When the moment arrived, so did he. Cristiano Ronaldo was in Paris to collect the Ballon d’Or at the foot of the Eiffel Tower on Thursday evening, another grand night to go with those he had in Madrid, Málaga and Munich, and in Cardiff especially.
Ultimately, those were the moments that marked 2017 and they were his.
Which is why this trophy, awarded by France Football, momentarily bought but never truly owned by Fifa, and first awarded to Stanley Matthews in 1956, passed on to Alfredo Di Stéfano the year after, and handed from there to the continent’s best player, season by season, is his too – for a record-equalling fifth time.
Only Lionel Messi has as many.
Or should that read: only Ronaldo has as many as Messi?
To some of their supporters, the order matters more than it should.
The fact that parity has been reached certainly does and it feeds a debate as furious as it is often tedious yet wonderful at heart. Between them, Ronaldo and Messi, Messi and Ronaldo, have not let anyone else win this award for a decade now.
This is their era: they have won seven of the past 10 European Cups between them, and been the competition’s top scorer for each and every one of those seasons, and the Ballon d’Or reflects that.
In part it is reduced to that, yet it also goes beyond.
Who is the best player? Who has been the best player? Who has had the best season? Who won the most? And, who was the most decisive?
They’re not all the same question and it is not always clear which of them, if any, the Ballon d’Or asks, what it is to which each voter lends the greatest weight.
Whatever the question actually is, for 10 years the answer has ultimately been Cristiano Ronaldo or Lionel Messi. Cristiano Ronaldo and Lionel Messi, in fact.
At times their dominance can feel like it is partly a product of the grand narrative built around them, the rivalry itself, sometimes forced.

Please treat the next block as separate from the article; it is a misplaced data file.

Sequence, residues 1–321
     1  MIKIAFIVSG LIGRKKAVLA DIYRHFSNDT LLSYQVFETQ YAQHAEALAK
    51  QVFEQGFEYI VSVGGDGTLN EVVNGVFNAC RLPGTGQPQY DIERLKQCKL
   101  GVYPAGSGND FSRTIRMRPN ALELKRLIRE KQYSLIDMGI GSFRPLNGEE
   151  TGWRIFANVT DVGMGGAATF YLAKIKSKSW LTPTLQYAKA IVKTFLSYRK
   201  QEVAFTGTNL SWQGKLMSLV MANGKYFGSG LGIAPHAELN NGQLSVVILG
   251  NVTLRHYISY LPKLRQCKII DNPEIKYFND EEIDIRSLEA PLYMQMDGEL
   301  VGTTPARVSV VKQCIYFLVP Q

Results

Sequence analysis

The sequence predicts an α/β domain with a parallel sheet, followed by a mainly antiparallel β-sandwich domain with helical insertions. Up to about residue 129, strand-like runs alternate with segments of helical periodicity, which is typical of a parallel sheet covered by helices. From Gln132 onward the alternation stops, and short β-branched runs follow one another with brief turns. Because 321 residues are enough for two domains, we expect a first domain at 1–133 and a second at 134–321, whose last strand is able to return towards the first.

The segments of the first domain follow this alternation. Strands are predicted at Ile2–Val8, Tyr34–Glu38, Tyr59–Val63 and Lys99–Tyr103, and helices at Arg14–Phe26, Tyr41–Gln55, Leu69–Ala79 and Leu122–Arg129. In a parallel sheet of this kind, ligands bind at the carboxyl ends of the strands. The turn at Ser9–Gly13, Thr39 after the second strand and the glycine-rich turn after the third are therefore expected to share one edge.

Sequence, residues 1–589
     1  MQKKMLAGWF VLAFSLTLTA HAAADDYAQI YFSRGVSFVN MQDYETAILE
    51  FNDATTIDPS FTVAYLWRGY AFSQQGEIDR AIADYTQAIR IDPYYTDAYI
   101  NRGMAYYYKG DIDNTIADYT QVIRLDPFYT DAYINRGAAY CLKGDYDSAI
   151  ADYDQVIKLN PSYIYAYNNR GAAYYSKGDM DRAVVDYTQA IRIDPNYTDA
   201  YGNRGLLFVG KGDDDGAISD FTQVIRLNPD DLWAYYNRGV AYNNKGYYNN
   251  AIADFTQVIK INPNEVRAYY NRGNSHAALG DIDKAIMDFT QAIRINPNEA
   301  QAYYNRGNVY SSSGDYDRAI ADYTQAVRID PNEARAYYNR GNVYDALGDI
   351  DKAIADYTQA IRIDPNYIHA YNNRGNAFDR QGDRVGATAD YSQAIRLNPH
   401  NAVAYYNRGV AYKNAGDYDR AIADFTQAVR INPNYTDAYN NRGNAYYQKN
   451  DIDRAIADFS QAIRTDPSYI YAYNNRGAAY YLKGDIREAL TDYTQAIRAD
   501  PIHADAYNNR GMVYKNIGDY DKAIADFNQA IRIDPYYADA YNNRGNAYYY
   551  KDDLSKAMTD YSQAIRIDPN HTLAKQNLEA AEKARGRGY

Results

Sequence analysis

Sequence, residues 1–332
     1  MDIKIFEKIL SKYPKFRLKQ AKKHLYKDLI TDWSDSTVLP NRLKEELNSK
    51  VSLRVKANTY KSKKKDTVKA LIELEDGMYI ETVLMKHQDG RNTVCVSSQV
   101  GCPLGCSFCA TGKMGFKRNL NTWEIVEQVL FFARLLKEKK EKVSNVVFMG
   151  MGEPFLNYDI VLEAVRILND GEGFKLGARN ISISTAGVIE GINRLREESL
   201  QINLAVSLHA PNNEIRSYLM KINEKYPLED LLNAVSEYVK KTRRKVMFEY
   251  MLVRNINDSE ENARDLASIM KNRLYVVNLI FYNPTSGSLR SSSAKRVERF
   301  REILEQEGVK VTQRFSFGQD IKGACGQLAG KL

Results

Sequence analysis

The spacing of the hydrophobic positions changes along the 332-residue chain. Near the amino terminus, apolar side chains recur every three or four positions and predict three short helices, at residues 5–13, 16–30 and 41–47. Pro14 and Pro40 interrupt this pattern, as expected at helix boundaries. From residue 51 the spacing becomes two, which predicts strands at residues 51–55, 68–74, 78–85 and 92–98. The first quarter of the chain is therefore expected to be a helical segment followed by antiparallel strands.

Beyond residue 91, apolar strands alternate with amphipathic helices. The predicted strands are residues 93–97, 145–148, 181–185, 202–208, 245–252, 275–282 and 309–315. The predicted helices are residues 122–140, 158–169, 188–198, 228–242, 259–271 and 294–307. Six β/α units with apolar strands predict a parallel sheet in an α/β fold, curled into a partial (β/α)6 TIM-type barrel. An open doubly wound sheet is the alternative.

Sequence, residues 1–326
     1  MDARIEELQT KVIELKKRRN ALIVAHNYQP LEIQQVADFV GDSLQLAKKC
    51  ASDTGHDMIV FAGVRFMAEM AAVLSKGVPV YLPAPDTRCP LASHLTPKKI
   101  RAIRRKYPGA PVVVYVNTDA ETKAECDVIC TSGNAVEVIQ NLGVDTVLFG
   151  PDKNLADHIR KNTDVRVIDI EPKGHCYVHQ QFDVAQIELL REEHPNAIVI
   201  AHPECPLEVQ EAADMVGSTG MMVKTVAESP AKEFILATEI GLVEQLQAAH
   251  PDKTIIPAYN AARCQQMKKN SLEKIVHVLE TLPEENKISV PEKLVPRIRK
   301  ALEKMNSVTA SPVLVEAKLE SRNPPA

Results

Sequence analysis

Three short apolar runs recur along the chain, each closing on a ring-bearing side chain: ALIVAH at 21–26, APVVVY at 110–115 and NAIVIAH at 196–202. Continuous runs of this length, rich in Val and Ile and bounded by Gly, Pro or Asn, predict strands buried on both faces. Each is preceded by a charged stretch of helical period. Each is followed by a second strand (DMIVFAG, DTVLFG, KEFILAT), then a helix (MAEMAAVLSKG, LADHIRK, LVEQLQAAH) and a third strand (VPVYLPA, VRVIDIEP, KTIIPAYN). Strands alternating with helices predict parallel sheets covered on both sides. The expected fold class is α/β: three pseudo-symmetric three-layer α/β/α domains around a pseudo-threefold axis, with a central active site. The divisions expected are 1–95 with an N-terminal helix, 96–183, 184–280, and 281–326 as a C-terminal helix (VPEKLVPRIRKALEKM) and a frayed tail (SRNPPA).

There’s an equality that may be a little false too and there is the tyranny of numbers which is sometimes a substitute for actual appreciation, but a seductive one.
Voting for them can also feel like the default setting, just what you do.
And while some rebel, there may be a lack of imagination. But it is also a reality, a result of the relentlessness of their talent and performance.
Since Kaká won the Ballon d’Or in 2007, there have been others but they have almost always been ‘others’ – the third man on the podium, if they were there at all, and for one night only, gone by the following year:
Fernando Torres in 2008, Franck Ribéry in 2013, Manuel Neuer in 2014, Neymar in 2015, Antoine Griezmann in 2016. Xavi – 2009, 2010, 2011 – and Andrés Iniesta in 2010 and 2012 are the only men to have been there more than once, brilliance sustained, while 2010 is the only year since then when Messi and Ronaldo have not both been present.
There have been moments when those ‘others’ might have been more than that, if only for some variety, moments when voters could have broadened their horizon, but even if they’re not going to vote for Messi or Ronaldo in the first place, it takes quite a leap to leave them out entirely.
Had Juventus won the European Cup, might Gigi Buffon have won this, the perfect excuse to offer recognition for an entire career?
The last decade suggests: no, not even then. That feels almost self-fulfilling; Messi and Ronaldo dominate the debate as well, reducing it to them again. Even in 2010, a unique year in the last ten.
That year, Wesley Sneijder and Arjen Robben were Iker Casillas’s leg away from a firmer candidacy and under the original voting format Sneijder would have won it.
Spain won the World Cup, but ‘their’ votes were split among Xavi, Iniesta and Casillas. Messi appeared almost embarrassed to have won it; surprised, certainly.
The World Cup used to be a guarantee – remember Fabio Cannavaro in 2006 – but Messi and Ronaldo have even broken that.
Somehow, this always seems to come down to those two, to the detriment of others who might deserve more.